The Rover Boys in Business by Edward Stratemeyer
26. In Which The Girls Arrive
Both of the Rover boys stared blankly at the visitor. His announcement had come very much like a clap of thunder out of a clear sky. For the moment neither of them knew what to say.
"I am sorry you did not know about this," pursued Mallin Aronson, when he saw by their looks how much they were disturbed. "Perhaps your dear father was taken sick so quickly that he did not have a chance to explain the situation."
"He hasn't been well for a long while, but I thought he had turned over all his business affairs to us," answered Dick. "It is queer that we have no record of this Sharon Valley Land Company investment," he added, turning to Tom.
"Have you gone over all the papers, Dick?" questioned the brother, quickly.
"The most of them. That is, all that I thought were of any importance. There are a great number that I haven't had time to look at yet. You know how numerous father's investments are."
"If you have no record of the transaction here, can you not ask your father about it?" questioned Mr. Aronson, smoothly.
"He is too sick to be disturbed, Mr. Aronson," answered Dick.
"Well, if you care to do so, you can stop at my office and look over the account there," went on the visitor.
"And you say this twenty thousand dollars has got to be paid a week from to- day?" asked Tom.
"Yes, Mr. Rover. The management will grant no extension of time."
"Supposing it isn't paid?" questioned Dick.
At this suggestion Mallin Aronson shrugged his shoulders and put up his hands.
"I am sorry, but you know how some of these land company people are," he returned. "This money must be paid in order to clear the land. If it is not cleared the company has the right to sell your father's interest to others. As I said before, he has paid fifteen thousand dollars. What his interest would bring if sold to somebody else, I do not know."
"Probably not very much," returned Dick, quickly. "Probably some of the land company people would buy it in for a song," he added, bitterly.
"Well, Mr. Rover, that is not my affair," and Mr. Aronson shrugged his shoulders. "I came in only to serve you notice that the twenty thousand dollars will have to be paid one week from to-day."
"Where are your offices, Mr. Aronson?"
"You will find my address on the card," was the answer. "If you wish any more information, I shall be pleased to give it to you;" and then the visitor bowed himself out.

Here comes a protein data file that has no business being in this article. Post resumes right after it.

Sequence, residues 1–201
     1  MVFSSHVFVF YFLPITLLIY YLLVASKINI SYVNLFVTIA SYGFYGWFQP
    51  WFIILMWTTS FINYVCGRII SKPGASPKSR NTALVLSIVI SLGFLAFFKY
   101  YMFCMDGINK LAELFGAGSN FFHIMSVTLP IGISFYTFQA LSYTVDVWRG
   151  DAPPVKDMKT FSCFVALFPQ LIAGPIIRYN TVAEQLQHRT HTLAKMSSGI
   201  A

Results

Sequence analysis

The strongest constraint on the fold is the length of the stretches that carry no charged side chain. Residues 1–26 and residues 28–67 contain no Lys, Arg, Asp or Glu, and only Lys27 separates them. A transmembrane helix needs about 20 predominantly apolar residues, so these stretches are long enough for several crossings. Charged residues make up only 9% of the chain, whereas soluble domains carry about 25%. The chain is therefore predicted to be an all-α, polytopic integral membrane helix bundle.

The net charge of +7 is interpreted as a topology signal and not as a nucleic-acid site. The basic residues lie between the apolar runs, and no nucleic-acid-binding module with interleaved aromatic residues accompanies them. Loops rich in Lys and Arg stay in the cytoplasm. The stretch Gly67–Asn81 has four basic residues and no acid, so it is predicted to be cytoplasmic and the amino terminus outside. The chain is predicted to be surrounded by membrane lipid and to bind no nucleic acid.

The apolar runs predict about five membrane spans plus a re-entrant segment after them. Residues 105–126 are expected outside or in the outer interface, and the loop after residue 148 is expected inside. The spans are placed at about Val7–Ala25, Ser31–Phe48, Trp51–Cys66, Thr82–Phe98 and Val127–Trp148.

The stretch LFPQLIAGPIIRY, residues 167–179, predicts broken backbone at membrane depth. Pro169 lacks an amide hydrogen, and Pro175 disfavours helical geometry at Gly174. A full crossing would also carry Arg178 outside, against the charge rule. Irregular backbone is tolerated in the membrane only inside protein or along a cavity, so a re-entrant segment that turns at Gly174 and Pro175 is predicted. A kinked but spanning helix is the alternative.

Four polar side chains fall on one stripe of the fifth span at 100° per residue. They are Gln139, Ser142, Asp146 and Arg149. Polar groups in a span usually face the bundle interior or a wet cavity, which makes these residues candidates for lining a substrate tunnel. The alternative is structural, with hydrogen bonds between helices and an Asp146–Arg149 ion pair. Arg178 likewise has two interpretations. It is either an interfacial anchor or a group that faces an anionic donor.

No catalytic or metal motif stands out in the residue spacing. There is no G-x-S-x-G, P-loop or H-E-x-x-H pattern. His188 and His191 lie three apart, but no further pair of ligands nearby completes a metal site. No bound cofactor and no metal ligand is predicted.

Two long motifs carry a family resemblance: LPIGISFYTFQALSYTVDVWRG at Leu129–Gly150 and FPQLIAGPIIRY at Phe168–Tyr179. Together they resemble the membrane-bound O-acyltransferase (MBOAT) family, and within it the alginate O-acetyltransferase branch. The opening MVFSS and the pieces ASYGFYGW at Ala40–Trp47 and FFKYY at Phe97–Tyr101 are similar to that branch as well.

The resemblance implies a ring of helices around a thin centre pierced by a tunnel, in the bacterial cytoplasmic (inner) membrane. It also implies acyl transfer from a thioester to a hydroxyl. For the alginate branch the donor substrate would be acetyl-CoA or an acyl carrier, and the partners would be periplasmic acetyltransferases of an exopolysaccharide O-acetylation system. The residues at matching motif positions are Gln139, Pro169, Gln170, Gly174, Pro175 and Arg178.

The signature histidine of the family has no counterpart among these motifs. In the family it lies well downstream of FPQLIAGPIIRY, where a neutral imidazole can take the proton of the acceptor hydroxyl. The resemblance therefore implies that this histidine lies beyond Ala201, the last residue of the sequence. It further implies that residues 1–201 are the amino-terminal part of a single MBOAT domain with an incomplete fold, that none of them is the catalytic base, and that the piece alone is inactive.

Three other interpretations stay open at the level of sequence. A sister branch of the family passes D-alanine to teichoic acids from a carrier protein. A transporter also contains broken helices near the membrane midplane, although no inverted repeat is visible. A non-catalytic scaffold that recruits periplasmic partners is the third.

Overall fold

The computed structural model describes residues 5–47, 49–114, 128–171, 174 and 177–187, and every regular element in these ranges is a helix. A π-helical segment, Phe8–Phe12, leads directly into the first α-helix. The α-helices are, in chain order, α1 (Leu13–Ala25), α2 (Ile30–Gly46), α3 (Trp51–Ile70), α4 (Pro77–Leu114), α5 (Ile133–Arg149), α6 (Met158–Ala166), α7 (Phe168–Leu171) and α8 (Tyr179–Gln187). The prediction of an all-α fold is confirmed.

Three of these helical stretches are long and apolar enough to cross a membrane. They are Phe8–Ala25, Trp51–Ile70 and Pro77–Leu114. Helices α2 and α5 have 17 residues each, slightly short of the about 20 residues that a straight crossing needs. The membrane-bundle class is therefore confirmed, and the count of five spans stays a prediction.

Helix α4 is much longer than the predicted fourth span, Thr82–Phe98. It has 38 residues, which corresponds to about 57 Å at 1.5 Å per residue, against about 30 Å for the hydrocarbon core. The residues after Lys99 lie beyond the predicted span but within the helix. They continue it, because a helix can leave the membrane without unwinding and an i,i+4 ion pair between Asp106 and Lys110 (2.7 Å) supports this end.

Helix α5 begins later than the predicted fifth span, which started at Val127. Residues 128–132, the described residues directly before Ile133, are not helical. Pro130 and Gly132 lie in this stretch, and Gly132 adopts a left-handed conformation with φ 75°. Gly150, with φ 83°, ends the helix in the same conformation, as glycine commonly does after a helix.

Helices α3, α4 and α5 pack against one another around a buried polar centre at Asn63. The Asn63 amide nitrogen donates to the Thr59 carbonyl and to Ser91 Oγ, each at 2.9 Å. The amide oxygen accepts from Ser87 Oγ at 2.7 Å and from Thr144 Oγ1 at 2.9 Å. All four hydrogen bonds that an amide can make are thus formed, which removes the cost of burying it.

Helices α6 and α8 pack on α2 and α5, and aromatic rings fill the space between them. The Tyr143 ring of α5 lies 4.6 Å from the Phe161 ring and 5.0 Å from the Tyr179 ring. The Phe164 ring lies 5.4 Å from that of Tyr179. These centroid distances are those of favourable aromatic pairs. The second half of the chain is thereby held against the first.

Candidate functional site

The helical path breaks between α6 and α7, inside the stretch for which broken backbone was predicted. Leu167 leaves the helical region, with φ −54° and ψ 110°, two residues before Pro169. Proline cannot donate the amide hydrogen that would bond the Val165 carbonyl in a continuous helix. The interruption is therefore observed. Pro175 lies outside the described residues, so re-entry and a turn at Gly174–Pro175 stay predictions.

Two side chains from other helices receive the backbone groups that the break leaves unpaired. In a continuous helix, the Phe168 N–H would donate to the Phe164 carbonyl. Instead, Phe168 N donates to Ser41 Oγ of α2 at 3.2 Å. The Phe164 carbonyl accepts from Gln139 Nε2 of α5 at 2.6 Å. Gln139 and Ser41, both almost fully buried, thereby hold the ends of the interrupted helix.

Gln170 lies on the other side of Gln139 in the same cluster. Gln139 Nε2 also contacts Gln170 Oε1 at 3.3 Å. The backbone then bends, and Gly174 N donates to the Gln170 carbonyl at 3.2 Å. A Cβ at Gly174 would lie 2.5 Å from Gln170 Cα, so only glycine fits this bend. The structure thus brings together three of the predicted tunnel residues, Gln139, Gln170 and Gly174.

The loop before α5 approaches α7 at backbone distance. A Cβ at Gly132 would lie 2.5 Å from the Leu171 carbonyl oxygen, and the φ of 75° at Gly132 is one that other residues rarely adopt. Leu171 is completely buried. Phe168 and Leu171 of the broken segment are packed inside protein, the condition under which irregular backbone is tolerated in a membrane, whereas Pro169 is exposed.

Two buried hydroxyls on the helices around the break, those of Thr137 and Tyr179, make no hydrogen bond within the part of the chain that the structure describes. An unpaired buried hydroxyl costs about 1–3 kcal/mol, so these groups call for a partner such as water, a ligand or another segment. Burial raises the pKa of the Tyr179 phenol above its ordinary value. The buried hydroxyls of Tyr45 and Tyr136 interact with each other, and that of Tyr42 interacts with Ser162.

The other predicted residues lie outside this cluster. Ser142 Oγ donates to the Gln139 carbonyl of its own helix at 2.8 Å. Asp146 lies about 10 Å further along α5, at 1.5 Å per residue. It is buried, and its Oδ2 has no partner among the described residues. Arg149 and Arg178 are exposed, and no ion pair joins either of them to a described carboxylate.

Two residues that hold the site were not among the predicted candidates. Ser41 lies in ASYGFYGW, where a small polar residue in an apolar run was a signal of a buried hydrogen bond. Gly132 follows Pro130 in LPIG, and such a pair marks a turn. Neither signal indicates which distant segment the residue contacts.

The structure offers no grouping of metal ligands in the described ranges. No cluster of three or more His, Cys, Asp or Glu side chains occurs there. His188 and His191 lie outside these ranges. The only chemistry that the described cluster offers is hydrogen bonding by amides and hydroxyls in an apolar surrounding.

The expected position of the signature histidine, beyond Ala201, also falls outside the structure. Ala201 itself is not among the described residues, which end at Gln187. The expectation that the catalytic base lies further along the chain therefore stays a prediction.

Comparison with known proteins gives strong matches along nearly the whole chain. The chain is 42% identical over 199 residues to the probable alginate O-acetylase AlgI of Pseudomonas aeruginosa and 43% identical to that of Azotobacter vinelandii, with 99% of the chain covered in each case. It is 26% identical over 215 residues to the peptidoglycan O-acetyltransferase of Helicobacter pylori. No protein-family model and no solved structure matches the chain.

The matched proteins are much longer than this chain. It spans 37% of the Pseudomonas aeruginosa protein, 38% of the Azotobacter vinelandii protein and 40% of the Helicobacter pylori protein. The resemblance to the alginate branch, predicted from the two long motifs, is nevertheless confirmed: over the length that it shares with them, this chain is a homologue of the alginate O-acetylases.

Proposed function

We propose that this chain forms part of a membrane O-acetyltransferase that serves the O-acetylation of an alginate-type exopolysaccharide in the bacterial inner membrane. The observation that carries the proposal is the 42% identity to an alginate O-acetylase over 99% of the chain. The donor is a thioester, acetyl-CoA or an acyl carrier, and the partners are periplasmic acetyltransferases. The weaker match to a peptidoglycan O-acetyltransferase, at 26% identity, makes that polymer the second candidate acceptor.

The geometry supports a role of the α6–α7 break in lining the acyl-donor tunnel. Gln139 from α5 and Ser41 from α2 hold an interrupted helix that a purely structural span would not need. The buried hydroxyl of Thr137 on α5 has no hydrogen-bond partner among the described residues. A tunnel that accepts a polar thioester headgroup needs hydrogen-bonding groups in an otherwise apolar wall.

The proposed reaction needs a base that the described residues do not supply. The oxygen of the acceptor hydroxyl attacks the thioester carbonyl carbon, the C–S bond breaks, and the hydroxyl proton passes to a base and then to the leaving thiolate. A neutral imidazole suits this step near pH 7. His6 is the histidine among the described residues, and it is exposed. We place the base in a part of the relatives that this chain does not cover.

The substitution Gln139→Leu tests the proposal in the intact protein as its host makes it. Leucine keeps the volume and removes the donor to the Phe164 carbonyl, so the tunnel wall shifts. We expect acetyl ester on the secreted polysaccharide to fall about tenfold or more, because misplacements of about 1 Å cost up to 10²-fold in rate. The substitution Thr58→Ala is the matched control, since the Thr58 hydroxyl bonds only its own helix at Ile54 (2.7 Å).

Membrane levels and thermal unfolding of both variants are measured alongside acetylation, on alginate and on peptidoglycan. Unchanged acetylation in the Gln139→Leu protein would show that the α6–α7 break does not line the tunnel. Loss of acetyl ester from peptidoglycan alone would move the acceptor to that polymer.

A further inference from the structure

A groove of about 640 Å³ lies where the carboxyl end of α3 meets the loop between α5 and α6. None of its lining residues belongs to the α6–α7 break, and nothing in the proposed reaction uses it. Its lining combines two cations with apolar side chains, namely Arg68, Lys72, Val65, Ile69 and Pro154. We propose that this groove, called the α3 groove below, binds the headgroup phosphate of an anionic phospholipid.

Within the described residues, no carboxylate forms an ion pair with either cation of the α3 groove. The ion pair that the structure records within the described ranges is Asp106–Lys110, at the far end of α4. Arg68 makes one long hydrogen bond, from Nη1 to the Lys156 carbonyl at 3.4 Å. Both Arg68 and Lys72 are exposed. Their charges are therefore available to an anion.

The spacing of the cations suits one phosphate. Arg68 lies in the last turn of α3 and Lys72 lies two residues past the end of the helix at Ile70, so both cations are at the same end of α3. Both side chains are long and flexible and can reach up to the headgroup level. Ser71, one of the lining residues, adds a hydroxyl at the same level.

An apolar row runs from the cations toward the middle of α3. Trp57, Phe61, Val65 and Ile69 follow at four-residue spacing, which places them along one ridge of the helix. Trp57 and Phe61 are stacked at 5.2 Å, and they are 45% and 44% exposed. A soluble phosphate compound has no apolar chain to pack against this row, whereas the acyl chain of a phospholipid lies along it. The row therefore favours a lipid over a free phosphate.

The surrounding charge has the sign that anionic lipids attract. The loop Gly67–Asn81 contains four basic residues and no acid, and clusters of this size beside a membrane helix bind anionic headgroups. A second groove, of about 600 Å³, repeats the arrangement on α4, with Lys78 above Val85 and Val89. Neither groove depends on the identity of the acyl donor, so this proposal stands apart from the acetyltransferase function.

It was a great blow, and the two youths felt it keenly. Ever since the loss of the sixty-four thousand dollars in bonds they had been struggling with might and main to cover one obligation after another. To do this had taxed about every resource that Dick could think of aside from borrowing from friends without putting up any security-- something the youth shrank from doing.
"Say, Dick, this is fierce!" exclaimed Tom. "What are we going to do about it?"
"I don't know yet," was the slow reply. can't understand why father didn't mention this investment to me."
"He must have felt so sick that he forgot all about it. You don't imagine that there is anything wrong about it?"
"Oh, no! I guess it is all straight enough. Aronson must know that he couldn't get any such money out of us unless everything was as straight as a string."
"Perhaps Mr. Powell could get the twenty thousand dollars for us."
"Maybe he could. But that isn't the point, Tom. I told you before that we want to 'stand on our own bottom.' Besides, it isn't a fair thing to ask any one to put up money like that without offering good security."
"But we don't want to lose the fifteen thousand dollars that father has already invested."
"I know that, too. It's a miserable affair all around, isn't it?" And Dick sighed deeply.
When Sam came back from his errand he brought news that under ordinary circumstances would have interested his brothers very much.
"I was coming through Union Square Park when whom should I see on one of the benches but Josiah Crabtree!" he exclaimed.
"Crabtree!" cried Tom. "Then he must be out of the hospital at last! How did he look?"
"He looked very pale and thin, and he had a pair of crutches with him," answered Sam. "I didn't see him walk, but I suppose he must limp pretty badly, or he wouldn't have had the crutches."
"Did you speak to him?" questioned Dick.
"No. At first I thought I would do so, but he looked so down-and-out that I didn't have the heart to say anything and perhaps make him feel worse."